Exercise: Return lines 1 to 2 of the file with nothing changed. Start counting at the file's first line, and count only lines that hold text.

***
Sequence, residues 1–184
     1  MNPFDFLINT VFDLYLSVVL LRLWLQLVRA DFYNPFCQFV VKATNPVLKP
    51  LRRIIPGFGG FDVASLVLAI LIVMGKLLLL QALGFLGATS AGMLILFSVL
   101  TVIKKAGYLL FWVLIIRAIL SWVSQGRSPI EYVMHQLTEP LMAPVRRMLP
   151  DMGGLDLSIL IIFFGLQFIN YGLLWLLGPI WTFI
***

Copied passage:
Sequence, residues 1–184
     1  MNPFDFLINT VFDLYLSVVL LRLWLQLVRA DFYNPFCQFV VKATNPVLKP